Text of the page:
I want to make a confession right away: I didn’t just happen to stumble across Eileen and her bakery, or have someone mention it to me in passing. I know her because I chose her to make my wedding cake.
The one hour meeting we had about my cake left my journalistic side hungering for more, so eventually I called her up and said “Hey remember me? Can I do a story on you?” The rest is history, and my crazy journey through the bakery began.
The bakery is officially known as How Sweet It Is Cakes and Other Deliciousness. “But I don’t answer my phone with that,” laughed Eileen. It started when Eileen was 25-years-old and lived in Oregon.
The bakery ran out of various church basements who rented their industrial kitchens to Eileen and her small staff for 12 years until she moved back to Duluth.
“I got married and my husband had a stable job in Minnesota so I moved back,” Eileen said, not seemingly sad at all about shutting down her business. “Duluth was always my home.”
However none of her licenses or grants would transfer from state to state, so she had to start her business all over again from scratch. By using how-to books and the knowledge she gained from her own mistakes, Eileen opened another bakery in the basement of the First Presbyterian Church in Cloquet, Minn.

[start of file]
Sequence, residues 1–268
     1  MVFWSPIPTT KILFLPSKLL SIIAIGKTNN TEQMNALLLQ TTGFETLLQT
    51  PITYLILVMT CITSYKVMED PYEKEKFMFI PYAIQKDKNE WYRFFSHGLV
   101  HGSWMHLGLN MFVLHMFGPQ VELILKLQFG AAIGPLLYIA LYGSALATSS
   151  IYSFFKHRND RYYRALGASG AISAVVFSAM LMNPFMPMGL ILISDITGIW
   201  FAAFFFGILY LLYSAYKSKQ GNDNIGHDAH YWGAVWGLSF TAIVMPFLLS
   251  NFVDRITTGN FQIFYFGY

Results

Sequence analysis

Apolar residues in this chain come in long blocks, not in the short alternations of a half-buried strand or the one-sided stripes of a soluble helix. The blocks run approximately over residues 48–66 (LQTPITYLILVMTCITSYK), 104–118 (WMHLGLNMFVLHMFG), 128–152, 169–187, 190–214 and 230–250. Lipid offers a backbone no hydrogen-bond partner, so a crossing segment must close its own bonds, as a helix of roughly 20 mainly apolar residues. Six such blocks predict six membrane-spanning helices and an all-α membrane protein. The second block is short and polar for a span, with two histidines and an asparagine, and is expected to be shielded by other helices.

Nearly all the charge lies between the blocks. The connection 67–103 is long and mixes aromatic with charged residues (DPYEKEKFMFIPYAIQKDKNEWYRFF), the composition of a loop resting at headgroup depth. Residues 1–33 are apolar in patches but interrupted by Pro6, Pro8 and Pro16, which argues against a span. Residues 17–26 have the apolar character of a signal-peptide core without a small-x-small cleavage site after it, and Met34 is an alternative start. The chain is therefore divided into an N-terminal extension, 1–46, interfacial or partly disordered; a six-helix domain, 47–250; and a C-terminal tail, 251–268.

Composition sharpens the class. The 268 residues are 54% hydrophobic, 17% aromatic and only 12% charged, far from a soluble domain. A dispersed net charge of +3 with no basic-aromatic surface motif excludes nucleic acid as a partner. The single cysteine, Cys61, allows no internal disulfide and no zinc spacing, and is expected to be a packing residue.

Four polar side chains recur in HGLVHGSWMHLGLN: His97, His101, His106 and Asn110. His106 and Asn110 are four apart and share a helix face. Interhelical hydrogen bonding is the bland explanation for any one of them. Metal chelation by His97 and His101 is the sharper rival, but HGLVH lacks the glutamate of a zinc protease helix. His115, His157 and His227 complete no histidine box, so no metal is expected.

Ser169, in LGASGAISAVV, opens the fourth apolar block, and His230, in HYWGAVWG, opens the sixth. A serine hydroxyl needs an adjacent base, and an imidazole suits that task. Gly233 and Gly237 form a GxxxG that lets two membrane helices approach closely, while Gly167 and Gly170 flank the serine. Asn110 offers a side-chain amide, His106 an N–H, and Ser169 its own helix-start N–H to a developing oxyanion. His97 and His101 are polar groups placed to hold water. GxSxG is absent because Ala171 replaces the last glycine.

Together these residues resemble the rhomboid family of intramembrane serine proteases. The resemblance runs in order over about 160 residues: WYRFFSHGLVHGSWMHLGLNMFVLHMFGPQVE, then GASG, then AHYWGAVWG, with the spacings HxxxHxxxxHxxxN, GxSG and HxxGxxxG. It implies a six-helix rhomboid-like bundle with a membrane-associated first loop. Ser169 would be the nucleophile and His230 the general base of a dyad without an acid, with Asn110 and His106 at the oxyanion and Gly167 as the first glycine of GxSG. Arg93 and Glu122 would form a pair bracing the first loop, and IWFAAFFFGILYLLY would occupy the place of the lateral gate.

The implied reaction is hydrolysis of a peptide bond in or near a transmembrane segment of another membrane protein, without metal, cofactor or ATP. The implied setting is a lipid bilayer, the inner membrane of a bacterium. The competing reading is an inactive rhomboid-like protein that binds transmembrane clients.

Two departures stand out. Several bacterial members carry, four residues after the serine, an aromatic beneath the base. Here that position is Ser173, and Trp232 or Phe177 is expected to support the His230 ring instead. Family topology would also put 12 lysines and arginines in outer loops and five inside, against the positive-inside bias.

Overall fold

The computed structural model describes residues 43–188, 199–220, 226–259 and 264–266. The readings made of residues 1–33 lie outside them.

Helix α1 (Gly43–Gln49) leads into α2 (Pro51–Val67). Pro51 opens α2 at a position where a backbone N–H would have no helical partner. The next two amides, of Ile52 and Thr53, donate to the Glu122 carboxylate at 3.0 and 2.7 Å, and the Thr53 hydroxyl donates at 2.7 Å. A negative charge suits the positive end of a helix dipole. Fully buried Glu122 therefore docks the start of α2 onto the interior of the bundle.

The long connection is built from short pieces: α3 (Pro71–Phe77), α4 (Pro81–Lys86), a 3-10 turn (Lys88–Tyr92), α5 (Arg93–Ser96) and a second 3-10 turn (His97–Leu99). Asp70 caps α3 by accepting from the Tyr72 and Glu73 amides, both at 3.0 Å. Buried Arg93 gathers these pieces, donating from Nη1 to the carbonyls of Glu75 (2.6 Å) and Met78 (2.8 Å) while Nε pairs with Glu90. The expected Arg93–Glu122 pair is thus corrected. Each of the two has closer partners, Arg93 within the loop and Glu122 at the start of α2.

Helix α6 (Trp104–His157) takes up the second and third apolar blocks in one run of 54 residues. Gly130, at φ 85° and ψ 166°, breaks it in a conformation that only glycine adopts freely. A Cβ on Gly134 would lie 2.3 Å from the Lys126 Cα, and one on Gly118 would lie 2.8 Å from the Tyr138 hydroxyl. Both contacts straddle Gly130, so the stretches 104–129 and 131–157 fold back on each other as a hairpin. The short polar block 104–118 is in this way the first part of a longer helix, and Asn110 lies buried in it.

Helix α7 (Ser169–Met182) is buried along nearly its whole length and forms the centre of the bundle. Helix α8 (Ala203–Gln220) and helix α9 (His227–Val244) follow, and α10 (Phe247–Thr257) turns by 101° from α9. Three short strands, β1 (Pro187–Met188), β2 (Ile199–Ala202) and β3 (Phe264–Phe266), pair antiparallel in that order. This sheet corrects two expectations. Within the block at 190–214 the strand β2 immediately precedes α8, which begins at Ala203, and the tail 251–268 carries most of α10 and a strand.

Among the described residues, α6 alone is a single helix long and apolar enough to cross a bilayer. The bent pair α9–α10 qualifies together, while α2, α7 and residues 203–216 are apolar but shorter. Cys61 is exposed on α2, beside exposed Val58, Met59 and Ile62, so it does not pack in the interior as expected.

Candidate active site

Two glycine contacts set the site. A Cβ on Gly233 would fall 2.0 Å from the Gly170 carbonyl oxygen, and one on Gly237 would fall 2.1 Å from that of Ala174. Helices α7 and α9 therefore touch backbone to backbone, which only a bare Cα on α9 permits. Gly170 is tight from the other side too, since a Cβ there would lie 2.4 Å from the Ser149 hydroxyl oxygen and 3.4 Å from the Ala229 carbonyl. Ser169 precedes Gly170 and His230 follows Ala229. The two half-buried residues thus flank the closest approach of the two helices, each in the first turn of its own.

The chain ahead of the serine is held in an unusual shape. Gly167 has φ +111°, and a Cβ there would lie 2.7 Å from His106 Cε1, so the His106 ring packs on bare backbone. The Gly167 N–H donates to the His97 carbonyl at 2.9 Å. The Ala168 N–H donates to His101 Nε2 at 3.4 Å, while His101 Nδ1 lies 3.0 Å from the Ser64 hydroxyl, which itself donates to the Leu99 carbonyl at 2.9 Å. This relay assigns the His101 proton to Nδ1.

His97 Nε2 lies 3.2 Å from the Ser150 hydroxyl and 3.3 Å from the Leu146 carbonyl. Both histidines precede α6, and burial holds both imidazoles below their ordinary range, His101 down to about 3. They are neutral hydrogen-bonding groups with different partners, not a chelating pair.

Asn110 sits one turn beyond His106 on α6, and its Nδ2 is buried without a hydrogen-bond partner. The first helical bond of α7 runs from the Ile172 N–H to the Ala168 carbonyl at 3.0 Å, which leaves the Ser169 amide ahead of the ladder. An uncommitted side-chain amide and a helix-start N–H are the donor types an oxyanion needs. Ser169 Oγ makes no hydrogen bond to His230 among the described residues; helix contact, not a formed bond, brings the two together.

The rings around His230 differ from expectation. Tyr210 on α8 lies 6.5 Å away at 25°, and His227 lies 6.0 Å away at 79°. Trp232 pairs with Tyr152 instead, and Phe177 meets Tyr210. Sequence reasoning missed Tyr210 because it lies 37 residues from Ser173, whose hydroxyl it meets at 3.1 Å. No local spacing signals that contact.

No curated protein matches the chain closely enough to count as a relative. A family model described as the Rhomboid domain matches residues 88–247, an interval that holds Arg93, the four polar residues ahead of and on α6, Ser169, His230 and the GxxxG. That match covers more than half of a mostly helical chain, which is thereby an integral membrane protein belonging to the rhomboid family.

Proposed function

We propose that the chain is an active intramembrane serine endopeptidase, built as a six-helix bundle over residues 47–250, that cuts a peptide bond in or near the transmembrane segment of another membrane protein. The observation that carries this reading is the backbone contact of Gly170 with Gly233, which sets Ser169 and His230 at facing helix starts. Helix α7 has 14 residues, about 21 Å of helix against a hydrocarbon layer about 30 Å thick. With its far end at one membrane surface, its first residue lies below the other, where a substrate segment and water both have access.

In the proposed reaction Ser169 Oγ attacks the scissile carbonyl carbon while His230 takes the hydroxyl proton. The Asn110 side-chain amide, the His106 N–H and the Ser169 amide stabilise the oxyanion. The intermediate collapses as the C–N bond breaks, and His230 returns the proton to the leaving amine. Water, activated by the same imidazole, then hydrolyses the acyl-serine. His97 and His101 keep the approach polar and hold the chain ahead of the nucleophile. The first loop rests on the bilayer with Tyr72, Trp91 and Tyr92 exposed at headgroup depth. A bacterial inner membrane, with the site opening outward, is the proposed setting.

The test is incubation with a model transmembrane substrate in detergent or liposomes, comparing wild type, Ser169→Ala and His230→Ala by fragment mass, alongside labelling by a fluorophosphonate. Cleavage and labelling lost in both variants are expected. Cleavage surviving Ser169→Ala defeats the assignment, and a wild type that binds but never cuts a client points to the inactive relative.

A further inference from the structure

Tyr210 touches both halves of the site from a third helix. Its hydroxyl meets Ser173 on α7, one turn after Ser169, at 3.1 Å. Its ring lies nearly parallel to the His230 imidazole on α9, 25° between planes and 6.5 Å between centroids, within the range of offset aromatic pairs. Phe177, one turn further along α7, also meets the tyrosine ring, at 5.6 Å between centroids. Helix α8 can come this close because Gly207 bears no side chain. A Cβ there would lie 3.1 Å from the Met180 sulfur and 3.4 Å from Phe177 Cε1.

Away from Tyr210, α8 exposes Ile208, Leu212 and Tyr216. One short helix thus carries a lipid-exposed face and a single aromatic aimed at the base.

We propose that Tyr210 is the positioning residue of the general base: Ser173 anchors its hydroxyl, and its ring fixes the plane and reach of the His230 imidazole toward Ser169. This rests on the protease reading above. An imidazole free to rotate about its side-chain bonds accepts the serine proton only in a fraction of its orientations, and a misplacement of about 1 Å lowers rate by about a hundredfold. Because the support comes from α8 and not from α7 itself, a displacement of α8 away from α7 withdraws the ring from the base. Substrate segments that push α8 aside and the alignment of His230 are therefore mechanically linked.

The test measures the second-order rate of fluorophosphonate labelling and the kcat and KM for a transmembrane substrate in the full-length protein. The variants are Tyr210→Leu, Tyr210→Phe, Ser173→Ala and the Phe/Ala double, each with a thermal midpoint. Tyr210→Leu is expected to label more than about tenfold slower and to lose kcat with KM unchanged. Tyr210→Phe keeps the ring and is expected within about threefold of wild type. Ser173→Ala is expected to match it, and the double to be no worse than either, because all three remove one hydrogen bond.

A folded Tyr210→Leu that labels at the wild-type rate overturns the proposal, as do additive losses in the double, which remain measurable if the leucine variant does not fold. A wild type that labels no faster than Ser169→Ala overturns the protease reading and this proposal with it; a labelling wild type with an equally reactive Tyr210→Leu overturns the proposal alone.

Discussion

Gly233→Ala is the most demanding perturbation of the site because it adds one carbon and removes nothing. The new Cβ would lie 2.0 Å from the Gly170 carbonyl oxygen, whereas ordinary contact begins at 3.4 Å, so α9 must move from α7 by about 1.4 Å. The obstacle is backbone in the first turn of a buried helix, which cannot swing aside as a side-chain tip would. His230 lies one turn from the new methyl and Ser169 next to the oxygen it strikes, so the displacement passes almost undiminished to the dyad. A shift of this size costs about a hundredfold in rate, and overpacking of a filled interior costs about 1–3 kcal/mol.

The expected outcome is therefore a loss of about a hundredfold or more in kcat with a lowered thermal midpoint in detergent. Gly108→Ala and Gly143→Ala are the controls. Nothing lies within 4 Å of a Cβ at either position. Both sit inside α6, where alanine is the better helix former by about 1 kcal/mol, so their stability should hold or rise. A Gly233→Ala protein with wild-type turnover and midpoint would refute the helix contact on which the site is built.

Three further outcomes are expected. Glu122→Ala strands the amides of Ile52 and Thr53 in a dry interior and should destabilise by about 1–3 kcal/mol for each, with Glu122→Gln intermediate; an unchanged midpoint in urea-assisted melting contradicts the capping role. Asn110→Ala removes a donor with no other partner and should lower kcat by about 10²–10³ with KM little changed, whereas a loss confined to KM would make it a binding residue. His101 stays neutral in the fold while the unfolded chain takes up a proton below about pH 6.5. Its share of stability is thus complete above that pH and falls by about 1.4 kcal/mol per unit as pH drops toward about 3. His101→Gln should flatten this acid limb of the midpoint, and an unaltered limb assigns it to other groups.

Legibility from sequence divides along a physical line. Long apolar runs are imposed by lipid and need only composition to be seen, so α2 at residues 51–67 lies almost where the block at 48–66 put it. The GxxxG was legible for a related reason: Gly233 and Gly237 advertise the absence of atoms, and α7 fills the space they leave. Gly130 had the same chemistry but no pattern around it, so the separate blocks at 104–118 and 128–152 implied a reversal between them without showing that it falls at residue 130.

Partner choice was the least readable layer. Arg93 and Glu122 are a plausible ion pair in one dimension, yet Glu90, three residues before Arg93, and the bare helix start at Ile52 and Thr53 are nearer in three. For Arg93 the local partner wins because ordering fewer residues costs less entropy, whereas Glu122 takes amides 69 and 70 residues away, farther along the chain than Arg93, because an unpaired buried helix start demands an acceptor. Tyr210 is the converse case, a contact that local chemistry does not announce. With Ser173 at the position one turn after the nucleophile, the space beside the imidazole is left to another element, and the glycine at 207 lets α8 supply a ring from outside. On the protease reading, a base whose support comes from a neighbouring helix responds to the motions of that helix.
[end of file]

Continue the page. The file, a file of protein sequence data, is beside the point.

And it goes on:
In September of 2010 she realized her growing business needed its own home, so she moved it to where it is today in Downtown Duluth near the corner of Fourth Avenue West and Superior Street. With the new space she was able to add a deli and catering to her list of services, and for the past two years she has had more business than ever.
“Our revenue almost tripled last year and we’re on pace at this point to make at least 50 percent more than we did last year,” said Bob Brown, Eileen’s husband. “The growth potential is pretty large, and there’s still things we haven’t tapped into yet.